"50-80% of addiction that we would see, Brendan, in the clinic would be what we call dual diagnosis or poly addiction."

Research on these addictions needs to catch up with the numbers they are now affecting, Prof O’Gara says. It can also be hard to talk about them, as the international classification system for process addiction is still emerging.

Another problem that arises is that people don't take some process addictions seriously and there is a degree of shame attached to process addictions involving porn consumption and even excessive shopping, Dr O’Gara says:

"I would see individuals that are very distressed that they’ve got a house full of jumpers. Some people will find that, they’re going to find it funny, it’s as simple as that. But it’s not funny for the people who are suffering from these addictions."

People who have this addiction persist with it, even where it has very negative consequences for their loved ones, Prof O’Gara says:

"Family members will be very aware that is not good for them, they’ve spend a load of money on this. These are things they don’t need, but it might be the eBay process, where they are watching a clock tick down and they win the auction, so it’s not really jumpers, they are looking for a buzz."

Brendan asked if addiction to screens and mobiles is at the heart of it and Prof O'Gara explains:

"We've got two pieces to it - we have the different things that people go online to do: so often it would be gambling, gaming, accessing porn. But there is an entity that is becoming more focused on, which is called Internet Use Disorder. So that's basically surfing, social media sites, it could be YouTube or whatever."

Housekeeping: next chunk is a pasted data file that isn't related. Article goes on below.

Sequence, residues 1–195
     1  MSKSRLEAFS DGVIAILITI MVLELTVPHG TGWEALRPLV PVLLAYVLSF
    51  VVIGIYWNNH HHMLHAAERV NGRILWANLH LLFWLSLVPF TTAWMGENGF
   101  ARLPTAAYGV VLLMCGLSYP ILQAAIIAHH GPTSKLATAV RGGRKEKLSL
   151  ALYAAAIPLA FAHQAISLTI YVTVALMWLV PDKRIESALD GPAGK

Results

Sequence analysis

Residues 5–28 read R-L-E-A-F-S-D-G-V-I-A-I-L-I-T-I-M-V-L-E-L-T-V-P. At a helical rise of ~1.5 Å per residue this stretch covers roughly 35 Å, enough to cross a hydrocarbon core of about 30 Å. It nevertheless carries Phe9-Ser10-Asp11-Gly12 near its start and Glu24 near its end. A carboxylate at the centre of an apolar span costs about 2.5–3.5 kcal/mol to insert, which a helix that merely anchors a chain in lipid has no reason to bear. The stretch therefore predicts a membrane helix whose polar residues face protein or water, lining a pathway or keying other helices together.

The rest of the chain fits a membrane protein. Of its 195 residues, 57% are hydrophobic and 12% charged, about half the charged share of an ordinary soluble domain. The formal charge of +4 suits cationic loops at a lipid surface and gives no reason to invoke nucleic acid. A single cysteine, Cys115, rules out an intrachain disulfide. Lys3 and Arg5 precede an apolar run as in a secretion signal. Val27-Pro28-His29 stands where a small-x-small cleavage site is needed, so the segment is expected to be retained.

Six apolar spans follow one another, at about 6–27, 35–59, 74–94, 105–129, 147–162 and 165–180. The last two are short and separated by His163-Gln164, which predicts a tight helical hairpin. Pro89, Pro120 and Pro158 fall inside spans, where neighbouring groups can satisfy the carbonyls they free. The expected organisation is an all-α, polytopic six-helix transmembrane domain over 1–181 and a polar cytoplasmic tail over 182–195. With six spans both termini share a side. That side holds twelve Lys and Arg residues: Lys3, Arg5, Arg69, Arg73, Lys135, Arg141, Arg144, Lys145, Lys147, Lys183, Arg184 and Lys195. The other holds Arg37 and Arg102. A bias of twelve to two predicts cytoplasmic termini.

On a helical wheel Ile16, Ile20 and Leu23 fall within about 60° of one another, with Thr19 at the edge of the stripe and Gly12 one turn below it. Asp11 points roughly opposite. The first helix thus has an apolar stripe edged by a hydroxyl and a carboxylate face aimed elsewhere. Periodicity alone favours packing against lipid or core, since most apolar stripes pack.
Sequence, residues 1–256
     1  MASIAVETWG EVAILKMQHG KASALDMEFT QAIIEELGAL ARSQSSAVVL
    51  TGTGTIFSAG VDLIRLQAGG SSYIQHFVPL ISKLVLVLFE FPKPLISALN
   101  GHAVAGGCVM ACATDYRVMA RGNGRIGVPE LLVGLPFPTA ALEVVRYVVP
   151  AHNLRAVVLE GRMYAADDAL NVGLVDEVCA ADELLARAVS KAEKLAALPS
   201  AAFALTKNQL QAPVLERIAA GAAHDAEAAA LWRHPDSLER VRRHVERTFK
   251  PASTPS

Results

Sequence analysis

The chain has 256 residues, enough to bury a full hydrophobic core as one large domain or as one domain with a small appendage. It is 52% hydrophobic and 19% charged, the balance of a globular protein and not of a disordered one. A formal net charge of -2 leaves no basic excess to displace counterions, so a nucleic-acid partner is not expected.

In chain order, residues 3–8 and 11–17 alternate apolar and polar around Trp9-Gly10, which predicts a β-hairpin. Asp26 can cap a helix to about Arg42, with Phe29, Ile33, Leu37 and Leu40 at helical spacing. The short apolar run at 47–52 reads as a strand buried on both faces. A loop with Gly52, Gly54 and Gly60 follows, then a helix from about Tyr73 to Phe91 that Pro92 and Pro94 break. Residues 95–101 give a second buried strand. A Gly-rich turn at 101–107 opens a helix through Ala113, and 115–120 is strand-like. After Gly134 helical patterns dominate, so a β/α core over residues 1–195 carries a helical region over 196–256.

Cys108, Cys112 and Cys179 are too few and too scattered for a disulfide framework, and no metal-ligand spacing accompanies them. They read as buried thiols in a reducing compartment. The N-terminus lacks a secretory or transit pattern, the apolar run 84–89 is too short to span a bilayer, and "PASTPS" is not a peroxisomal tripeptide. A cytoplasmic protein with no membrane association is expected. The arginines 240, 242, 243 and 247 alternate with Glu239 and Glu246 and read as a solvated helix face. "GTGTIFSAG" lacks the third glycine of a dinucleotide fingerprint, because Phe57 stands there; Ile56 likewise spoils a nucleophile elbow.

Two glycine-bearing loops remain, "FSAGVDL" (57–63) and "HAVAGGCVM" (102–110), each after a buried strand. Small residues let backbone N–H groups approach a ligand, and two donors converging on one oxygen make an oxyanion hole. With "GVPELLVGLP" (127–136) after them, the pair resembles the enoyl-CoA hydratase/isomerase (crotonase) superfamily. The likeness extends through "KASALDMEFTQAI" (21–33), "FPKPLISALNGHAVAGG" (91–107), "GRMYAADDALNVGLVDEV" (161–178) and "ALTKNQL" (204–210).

The prevalence of 'internet use addiction', for example, could range from 4% to 30% in some populations, depending on how it’s measured, Dr O'Gara says, and so more research is needed.

The original process addiction is gambling, and even though it's been recognised for some time, Prof O’Gara says society is still struggling with its consequences:

"The impact of these addictions as a process addiction is plain to see. In terms of gambling, It’s been quite substantial, particularly on young men."

The internet has "turbo-charged" process addictions and smartphones have given everyone access to a portal in their pockets to access any number of addictive processes. Some of these addictions are relatively new, and there can be huge stigma surrounding them; but they are still addictions and people need help over coming them:

"I hope that people are listening who are affected by these conditions. Increasingly, process addictions are real addictions, I would say that. And people who suffer from these addictions deserve compassionate support. There is a fair amount of trivialisation, even ridicule out there."

Treatment options are available, like medication, therapy and support groups and you can hear more about those in Brendan's full interview with Prog O'Gara, here.

If you’re affected by anything raised by Prof O’Gara, helpline information is available here.